Mr Moses Mhlanga (ANC)


What is your political background? I joined politics formally in 1983 due to the conditions of the time. All black people were compelled in those days to participate in any and all political forums and organisations to liberate ourselves from the exploitation. In 1984 I went into exile were I joined the uMkhonto we Sizwe (MK) military wing of the ANC in Angola. I returned to South Africa in 1990 as part of the first contingent for reintegration. I was mainly involved with security matters of the ANC from 1990 onward and in 1993 the ANC directed most of us to establish the South African National Peace keeping force where I was assigned as a Lieutenant until 1994 when the peace keeping force was demobilised. We were then integrated into the South African National Defense Force (SANDF). I was with SANDF until 1998 when I left to concentrate on political work which I had been assigned by the ANC in my then constituency at Witbank, Mpumalanga. In 2000 I was elected as a ward councillor and served until 2005 when I was elected as a provincial chairperson of the MK Military Veterans Association (MKVA). The municipality had employed me from 2005 on security matters and to ensure that some of the retired, unemployed and demobilised military veterans could then be absorbed within the Witbank municipality security cluster.

In 2009 the municipality employed me as part their staffs complement in the electricity department within revenue collection of that department. A proposal that I had submitted was to retrain the military veterans on revenue collection for the electricity department at Witbank.

In 2012 the ANC reassigned me to establish VIP protection for mayors at Emakhazeni, Thembisile Hani and Emalahleni municipalities in Mpumalanga. The formalisation of those VIP services became known as public order policing at local government at Nkangala district. Within the same year I was recalled and deployed to Parliament by the ANC.

What does your job as an MP entail? A key mandate for us as MPs is to sharpen legislation and that whatever law is signed in parliament reflects the position of the ANC. I am assigned to more than four committees in the National Council of Provinces (NCOP) where I am a permanent delegate representing Mpumalanga. I am assigned to the Security and Justice, Petitions and Executive Undertakings, Cooperative Governance and Traditional Affairs select committees and the Joint Committee on Constitutional Review.

What is your impression of the Fifth Parliament? In comparison to the Fourth Parliament, the Fifth Parliament has a big gap in that forces like the, lacked the political maturity to lobby each other on political ideology without howling at each other during joint sittings of the Houses of Parliament. At the NCOP Chamber Bills were passed in a much calmer tone compared to the joint sittings.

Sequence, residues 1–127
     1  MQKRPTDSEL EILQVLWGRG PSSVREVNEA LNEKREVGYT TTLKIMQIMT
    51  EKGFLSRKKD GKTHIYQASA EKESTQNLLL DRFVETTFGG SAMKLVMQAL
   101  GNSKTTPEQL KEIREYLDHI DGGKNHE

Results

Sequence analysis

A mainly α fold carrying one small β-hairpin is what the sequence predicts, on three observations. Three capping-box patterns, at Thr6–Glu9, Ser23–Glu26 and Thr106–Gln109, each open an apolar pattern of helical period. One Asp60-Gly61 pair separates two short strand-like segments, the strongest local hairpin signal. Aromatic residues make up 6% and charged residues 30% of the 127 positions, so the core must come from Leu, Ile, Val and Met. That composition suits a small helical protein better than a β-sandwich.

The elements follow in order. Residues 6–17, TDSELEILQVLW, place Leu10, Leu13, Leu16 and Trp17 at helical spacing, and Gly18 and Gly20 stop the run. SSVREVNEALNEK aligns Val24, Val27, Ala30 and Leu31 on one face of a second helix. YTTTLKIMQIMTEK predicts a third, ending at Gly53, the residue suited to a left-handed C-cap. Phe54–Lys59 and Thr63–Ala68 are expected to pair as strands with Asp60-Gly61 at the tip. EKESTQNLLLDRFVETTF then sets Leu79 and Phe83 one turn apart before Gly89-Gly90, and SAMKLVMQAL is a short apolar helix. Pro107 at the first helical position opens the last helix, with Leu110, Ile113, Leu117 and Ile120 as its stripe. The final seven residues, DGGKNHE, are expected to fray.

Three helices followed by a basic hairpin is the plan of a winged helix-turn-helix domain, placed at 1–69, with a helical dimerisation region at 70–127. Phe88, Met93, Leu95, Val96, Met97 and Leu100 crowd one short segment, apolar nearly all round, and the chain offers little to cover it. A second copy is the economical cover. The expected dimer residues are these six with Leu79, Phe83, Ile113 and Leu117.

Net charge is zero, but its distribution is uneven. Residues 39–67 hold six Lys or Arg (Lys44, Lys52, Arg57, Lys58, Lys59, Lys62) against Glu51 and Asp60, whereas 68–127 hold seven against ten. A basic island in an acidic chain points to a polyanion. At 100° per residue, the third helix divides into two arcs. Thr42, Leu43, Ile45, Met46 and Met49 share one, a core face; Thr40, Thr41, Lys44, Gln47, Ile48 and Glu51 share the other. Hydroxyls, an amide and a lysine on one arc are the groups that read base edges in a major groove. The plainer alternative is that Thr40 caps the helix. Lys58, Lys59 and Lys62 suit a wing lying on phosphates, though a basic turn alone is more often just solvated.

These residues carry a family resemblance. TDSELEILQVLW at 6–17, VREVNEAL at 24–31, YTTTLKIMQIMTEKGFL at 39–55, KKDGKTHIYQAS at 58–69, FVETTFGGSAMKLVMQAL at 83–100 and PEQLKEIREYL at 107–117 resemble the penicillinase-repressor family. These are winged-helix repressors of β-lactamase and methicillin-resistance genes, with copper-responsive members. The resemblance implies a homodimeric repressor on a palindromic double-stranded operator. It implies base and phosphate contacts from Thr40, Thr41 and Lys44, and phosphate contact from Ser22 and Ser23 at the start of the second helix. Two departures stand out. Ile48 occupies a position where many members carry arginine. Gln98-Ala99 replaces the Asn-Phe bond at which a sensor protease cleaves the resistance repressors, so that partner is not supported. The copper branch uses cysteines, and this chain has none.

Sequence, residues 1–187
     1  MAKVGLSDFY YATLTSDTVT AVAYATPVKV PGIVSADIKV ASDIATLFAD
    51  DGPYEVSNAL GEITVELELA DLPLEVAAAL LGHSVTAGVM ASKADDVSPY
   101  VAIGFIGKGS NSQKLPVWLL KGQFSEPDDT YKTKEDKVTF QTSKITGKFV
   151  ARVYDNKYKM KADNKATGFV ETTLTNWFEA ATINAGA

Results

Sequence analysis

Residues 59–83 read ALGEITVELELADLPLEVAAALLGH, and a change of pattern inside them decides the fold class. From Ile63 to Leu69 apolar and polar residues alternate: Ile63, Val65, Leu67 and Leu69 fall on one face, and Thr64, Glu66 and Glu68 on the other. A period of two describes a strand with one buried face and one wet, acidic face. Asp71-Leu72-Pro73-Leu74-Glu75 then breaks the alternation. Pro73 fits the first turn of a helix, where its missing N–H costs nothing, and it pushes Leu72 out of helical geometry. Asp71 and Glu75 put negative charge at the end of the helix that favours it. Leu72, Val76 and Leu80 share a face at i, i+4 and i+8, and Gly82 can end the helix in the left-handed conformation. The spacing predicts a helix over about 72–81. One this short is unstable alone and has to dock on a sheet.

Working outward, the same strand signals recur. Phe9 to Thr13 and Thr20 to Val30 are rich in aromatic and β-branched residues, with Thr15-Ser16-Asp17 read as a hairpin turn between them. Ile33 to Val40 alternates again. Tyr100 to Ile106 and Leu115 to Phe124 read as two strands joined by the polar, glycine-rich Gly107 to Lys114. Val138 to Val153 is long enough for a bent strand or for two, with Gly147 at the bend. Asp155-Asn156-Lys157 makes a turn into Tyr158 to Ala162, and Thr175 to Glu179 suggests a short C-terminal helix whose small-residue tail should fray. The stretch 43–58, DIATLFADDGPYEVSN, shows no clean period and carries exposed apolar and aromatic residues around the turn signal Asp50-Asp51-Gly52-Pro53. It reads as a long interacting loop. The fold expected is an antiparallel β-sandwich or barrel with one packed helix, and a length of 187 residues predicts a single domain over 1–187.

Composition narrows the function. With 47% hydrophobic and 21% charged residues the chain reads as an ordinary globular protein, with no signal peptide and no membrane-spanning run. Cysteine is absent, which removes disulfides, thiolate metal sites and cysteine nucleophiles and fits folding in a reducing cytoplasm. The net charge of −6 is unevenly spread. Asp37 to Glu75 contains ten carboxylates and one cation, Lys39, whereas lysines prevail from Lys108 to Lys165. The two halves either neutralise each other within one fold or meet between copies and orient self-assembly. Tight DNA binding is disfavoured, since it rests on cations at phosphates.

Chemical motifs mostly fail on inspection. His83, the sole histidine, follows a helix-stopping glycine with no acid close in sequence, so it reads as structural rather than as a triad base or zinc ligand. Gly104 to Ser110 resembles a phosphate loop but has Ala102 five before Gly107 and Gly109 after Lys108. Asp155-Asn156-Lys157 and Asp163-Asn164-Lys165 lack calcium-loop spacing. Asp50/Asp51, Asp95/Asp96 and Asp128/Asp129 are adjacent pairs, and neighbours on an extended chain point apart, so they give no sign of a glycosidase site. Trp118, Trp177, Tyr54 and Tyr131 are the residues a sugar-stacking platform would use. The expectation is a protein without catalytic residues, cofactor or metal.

What constituency area have you been assigned to you by your party? What is most interesting about your constituency work so far? My constituency is in Middleburg in the Steve Tshwete Municipality. Most interesting about constituency work is being able to interact with the communities and to assist in the resolution of their challenges. However, the single constituency day per week is not enough to deal with the problems of constituents. Issues like land claims, which my PCO had to assist in directing people to the relevant institutions, were not a short term issue.

What are you most passionate about? This applies both in a political/professional arena as well as personally? Politics is my overriding passion as I have been conscientised from a young age.

What would your message to South Africa be? Enemies of the liberation struggle had used black on black violence as a strategy. Today that is exactly what is happening if you look at the Houses of Parliament. When the ANC or the EFF want to speak there is noise, but when the DA speaks everyone pays attention. South Africans must always be cognizant of this. We also must engage on a larger platform on whether the multiparty or polling or majority rule as a voting system is the best choice for South Africa because today we are challenged as country because of the current voting system.

To learn more about this member, visit his profile.

More MP blogs.


Keep comments free of racism, sexism, homophobia and abusive language. People's Assembly reserves the right to delete and edit comments

(For newest comments first please choose 'Newest' from the 'Sort by' dropdown below.)